Date of Award:

2017

Document Type:

Thesis

Degree Name:

Educational Specialist (EdS)

Department:

Psychology

Advisor/Chair:

Gretchen Gimpel Peacock

Co-Advisor/Chair:

Donna Gilbertson

Third Advisor:

Rick Cruz

Abstract

One major purpose of school-based assessment approaches is to identify ways to intervene to promote positive school academic, social and well-being outcomes for all students. Although schools traditionally use assessment tools to identify students’ weaknesses and needs, they can also use strength-based assessment tools to guide intervention planning and to validate students’ and teachers’ positive views of student skills and characteristics. Sharing these strengths and how to use them may enhance a student’s perception of the teacher-student relationship, hope and academic competence. Likewise, a second approach to assessment, called Therapeutic Assessment (TA), has yielded similar child outcomes for youth in clinical settings. The purpose of this study was to evaluate the effects of a strength-based therapeutic assessment process on teacher-student relationship, hope, and academic competency beliefs of students as compared to students receiving assessment as usual in school settings.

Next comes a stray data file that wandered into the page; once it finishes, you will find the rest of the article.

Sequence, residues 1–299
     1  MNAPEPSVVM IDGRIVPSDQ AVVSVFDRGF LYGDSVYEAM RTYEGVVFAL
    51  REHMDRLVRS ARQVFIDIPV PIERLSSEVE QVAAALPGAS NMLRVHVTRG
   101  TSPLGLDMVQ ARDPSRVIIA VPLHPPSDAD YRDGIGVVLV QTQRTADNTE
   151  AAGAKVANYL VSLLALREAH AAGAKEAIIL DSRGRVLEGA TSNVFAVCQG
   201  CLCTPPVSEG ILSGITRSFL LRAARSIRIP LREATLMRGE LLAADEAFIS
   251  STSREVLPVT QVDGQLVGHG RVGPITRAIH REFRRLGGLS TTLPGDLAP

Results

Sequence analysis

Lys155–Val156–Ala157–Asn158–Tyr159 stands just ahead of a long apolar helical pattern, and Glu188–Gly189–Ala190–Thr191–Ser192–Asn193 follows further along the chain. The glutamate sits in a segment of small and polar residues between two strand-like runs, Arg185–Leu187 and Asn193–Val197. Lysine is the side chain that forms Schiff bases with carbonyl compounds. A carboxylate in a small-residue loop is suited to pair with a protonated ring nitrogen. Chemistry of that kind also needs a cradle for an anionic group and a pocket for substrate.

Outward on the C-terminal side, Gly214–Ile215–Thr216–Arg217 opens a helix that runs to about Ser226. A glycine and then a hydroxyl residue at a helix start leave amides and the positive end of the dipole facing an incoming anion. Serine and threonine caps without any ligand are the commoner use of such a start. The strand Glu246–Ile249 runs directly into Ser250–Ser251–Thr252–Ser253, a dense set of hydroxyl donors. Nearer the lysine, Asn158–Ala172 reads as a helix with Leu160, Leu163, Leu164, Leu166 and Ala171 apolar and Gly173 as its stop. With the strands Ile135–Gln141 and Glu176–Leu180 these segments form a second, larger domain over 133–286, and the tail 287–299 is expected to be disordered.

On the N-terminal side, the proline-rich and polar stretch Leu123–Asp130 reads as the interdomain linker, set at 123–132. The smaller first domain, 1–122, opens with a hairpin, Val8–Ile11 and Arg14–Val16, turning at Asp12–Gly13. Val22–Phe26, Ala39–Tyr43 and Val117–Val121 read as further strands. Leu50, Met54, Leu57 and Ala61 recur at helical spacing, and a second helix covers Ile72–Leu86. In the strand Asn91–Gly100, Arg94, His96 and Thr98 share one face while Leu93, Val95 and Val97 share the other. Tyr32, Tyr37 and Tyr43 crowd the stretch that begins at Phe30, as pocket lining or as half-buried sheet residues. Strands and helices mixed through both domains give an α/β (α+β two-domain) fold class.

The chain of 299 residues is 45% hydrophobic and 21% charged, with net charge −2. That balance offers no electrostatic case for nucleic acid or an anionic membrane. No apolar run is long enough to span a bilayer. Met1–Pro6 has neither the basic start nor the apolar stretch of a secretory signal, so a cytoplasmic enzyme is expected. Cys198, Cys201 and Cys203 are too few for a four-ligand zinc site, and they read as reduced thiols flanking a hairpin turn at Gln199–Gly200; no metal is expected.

Student participants were randomly assigned to one of two groups: the treatment group, which received a strength-based therapeutic assessment approach, or the control group, which received assessment as usual in school settings. Student-teacher relationship quality, student hope levels, and students’ academic competency beliefs were measured before and after experimental conditions were enacted.

Although no statistically significant differences were found between students in the treatment and control groups on any of the dependent variables (teacher-student relationship quality, student hope levels, and student-reported academic competency beliefs), a medium strength effect size (d = 0.55) was found for the Children’s Hope Scale (CHS). This indicates that the treatment condition may have moderate practical significance in increasing student hope levels. Additionally, a small, but meaningful effect size (d = -0.38) was found for the Competence Beliefs and Subjective Task Values Questionnaire (CBSTVQ) average math variable. This indicates that the treatment condition is moderately associated with students experiencing a decrease in perceived math competence. Future research on this topic should use a larger sample size in order to better determine whether or not the treatment condition has statistically significant effects on the dependent variables of teacher-student relationship quality, student hope levels, and academic competency beliefs.

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